Chips typically range from $225-$300. Do Not Buy Ebay. Not only will you see no gains if you install one of these chips, you can also damage your engine.  A small list of vendors that supply chips include MarkD, TurnerMotorsport (Jim Conforti), Bavauto, Dinan…etc.

Installation is a snap with a simple removal of the ECU, dislodging the chip, and inserting the new chip. Easy Peasy!

Note that to really experience these gains, you must install the 2 other important upgrades to your E30: Air Intake and Exhaust, both covered here!


The most popular, easiest to install, and cheapest mod is probably the cold-air free flow intake. And “Cold-Air” is the key word here. Commonly, people throw on a cheap free flow air filter but neglect to realize that it’s sucking in hot air from the engine bay! So if you’re going to do this mod, you want to ensure that you block the air intake from the hot engine air.

air intake

K&N is the most ubiquitous household name when it comes to free flow intakes. And lucky for the e30 enthusiast, they even offer a cold-air version as well!

This mod alone does not increase horsepower. But combined with a chip, and you now have an engine that wants to breathe, and actually, now can breathe!


Next, those old tired rubber bushings got to go! For the avid auto enthusiast, poly bushings are the new norm and dramatically improve handling and responsiveness. The best part? You can easily install this yourself without any special pullers or presses! Choose from 80A (soft), 95A (harder, race), or for the extreme Delrin. More information will be in a future blog, but see below for a sneak preview to choose what’s right for you. Best of all, there’s a lifetime warranty on the bushings!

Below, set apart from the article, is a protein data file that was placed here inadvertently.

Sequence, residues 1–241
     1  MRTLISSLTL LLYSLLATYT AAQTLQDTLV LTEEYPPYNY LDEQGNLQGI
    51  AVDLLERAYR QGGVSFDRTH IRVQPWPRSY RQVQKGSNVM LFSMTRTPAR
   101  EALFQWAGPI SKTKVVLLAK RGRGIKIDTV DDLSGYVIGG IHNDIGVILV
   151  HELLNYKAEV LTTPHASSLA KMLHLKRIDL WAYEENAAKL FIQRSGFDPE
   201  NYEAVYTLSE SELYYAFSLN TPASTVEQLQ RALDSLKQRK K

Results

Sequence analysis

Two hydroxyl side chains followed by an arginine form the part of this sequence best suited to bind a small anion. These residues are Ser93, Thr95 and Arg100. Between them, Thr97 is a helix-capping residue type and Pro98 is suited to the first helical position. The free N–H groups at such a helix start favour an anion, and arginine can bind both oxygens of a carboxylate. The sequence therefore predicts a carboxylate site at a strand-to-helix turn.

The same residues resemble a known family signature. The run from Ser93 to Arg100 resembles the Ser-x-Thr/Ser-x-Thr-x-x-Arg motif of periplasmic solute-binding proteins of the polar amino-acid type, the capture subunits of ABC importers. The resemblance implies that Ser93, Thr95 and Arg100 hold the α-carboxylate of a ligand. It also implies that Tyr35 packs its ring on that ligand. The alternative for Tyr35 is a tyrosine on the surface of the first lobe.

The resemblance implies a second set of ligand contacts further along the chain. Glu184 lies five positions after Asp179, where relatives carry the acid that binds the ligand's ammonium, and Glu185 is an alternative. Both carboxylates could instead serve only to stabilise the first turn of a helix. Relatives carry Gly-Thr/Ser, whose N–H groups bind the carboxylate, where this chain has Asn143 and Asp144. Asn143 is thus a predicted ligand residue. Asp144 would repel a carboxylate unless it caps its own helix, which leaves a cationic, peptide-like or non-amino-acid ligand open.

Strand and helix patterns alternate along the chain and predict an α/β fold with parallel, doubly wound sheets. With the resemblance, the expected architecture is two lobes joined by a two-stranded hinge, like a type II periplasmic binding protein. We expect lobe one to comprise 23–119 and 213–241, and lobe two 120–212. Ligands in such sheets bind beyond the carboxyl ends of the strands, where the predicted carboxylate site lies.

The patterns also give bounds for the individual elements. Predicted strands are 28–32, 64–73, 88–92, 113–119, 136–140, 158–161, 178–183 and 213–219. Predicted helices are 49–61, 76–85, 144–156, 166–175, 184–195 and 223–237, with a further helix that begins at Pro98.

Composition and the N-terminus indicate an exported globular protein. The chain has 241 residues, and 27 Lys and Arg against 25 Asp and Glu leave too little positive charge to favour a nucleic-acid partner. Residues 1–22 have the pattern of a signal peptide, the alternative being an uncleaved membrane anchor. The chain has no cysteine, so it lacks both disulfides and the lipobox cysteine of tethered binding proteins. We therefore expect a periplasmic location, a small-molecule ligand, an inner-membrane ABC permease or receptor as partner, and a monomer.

80A – Perfect for the OEM Feel with a bit of responsiveness. Rest assured that there is no compromise for comfort here, yet your E30 will turn, brake, and accelerate much more precisely and predictively.

95A – Recommended for motor swaps, very aggressive drivers, or otherwise track use. These further increase the responsiveness of all aspects of driving and provide the ability to have a more spirited driving experience.

Delrin – Harder than 95A and one step below solid mounts. These will allow virtually no play between your engine, transmission, and subframes. The feel will be a very sporty feel recommended for race applications.

Garagistic offers Polyurethane Bushings in a wide variety of applications including drivetrain, differential, trailing arm, control arm, and rear subframe bushings.


The options here are endless, including free-flow headers, catalytic converters, removal of resonators, or replacement of the heavy stock muffler with a light aftermarket. No matter what, you’re saving weight, which increases performance.